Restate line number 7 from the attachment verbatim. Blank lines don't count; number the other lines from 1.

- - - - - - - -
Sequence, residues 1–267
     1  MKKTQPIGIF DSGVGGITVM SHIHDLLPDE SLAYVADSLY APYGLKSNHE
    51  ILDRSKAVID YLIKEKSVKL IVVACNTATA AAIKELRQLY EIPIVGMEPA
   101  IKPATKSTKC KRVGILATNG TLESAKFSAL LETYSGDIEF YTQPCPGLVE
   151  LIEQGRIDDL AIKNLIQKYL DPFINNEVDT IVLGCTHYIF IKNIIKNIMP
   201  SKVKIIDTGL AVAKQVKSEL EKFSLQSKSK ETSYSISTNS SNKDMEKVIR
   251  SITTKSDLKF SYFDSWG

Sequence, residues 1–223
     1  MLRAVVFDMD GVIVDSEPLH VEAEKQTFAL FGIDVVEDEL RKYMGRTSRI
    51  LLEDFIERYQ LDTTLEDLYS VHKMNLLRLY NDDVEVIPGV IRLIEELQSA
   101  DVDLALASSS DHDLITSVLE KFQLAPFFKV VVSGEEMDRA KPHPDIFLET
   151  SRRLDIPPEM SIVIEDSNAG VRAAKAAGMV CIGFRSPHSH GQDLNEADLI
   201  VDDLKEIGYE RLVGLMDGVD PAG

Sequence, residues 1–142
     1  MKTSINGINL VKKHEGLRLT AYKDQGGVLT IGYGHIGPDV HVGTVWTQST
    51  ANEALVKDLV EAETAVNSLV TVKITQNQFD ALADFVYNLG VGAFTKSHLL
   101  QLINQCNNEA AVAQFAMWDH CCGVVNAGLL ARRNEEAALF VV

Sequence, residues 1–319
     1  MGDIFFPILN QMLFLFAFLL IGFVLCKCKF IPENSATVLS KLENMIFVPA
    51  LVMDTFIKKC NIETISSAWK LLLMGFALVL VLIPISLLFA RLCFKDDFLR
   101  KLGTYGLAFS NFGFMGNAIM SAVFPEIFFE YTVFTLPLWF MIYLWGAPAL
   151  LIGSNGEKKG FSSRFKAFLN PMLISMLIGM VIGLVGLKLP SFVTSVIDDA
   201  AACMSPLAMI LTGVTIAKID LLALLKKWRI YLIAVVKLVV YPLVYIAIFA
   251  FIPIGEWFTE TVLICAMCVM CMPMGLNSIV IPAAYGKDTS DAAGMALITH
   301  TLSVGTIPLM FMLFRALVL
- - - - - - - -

   251  SITTKSDLKF SYFDSWG